How reliable are stochastic scenarios are in assessing reserving needs of companies selling variable annuities?
That was the subject of a recent discussion of the Life & Health Actuarial Task Force of the National Association of Insurance Commissioners, Kansas City, Mo. The task force has been working for several years to create a new actuarial guideline, Commissioners Annuity Reserve Valuation Method, or AG CARVM, which will establish reserving guidelines for VAs with guaranteed benefits..
The task force wants to create a more lasting way to reserve for risks in these guarantees to replace temporary solutions embodied in the NAIC’s current Actuarial Guideline 39 and recent revisions to Actuarial Guideline 34.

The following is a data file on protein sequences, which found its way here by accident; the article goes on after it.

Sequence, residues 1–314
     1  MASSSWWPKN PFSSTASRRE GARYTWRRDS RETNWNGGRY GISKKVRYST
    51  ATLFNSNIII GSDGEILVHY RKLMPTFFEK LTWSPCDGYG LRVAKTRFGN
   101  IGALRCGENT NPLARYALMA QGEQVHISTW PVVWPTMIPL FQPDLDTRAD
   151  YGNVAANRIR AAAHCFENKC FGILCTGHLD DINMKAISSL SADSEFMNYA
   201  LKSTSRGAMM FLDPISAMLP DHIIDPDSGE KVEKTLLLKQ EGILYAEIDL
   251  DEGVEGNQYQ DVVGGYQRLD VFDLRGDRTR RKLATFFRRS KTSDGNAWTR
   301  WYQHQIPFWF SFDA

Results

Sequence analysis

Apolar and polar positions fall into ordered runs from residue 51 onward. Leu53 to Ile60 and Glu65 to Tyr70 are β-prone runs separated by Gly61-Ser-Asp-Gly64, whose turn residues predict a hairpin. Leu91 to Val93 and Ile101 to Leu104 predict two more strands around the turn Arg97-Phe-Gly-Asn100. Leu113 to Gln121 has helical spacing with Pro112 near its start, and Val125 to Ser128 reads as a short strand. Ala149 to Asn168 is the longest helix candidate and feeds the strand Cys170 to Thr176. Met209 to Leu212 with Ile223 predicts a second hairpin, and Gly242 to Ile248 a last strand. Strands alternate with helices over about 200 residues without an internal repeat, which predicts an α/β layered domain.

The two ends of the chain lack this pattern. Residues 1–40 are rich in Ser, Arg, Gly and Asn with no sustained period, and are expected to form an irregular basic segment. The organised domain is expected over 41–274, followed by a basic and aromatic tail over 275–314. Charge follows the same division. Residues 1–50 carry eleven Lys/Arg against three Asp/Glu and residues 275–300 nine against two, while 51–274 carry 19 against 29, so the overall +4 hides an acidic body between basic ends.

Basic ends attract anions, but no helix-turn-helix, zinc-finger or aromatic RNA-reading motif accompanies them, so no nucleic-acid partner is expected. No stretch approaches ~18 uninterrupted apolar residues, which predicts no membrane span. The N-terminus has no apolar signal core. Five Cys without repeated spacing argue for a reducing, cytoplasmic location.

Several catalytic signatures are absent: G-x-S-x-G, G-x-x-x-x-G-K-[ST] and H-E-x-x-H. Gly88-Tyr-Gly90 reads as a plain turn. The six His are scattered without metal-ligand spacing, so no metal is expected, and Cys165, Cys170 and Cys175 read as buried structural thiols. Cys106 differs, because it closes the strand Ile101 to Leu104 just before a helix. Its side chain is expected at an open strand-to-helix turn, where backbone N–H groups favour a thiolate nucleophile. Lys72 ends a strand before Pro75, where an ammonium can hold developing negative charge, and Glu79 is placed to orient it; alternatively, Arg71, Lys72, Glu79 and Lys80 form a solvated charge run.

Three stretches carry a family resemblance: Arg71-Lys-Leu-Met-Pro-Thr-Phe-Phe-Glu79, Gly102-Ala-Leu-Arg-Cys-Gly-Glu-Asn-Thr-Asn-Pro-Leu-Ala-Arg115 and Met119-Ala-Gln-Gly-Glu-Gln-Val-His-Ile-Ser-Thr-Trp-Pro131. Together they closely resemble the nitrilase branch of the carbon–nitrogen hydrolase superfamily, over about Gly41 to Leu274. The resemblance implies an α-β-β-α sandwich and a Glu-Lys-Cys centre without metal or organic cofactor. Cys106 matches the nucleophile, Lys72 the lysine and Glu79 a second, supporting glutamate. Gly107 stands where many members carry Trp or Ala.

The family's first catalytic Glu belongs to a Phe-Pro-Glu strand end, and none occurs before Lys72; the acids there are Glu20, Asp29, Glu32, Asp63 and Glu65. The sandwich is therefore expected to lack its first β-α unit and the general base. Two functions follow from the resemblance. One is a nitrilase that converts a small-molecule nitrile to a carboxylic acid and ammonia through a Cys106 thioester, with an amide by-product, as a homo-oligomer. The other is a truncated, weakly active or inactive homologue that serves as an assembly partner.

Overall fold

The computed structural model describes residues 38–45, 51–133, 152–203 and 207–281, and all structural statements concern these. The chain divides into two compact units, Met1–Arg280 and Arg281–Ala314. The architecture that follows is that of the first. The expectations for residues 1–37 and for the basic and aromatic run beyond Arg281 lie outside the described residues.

A stochastic approach is a major part of AG CARVM. A standard scenario to create a reserving floor has also become part of the proposal. Stochastic scenarios are becoming more popular in financial markets and in the financial planning communities as a way to assess the likelihood of particular outcomes.
During the recent task force discussion, Allan Elstein, a Connecticut regulator, argued that “stochastic results do not necessarily create reality.” He referred to a news report noting that stochastic results did not accurately predict the recent direction of stock prices.
In stochastic scenarios under CARVM, “bad” events that happen later in contract years are not being reflected, Elstein noted. Almost all of the loss scenarios in the stochastic examples occur early on, he continued. The reason that losses in later years are not being reflected is because gains precede losses and thus recognition of those losses for reserving purposes is deferred, he said.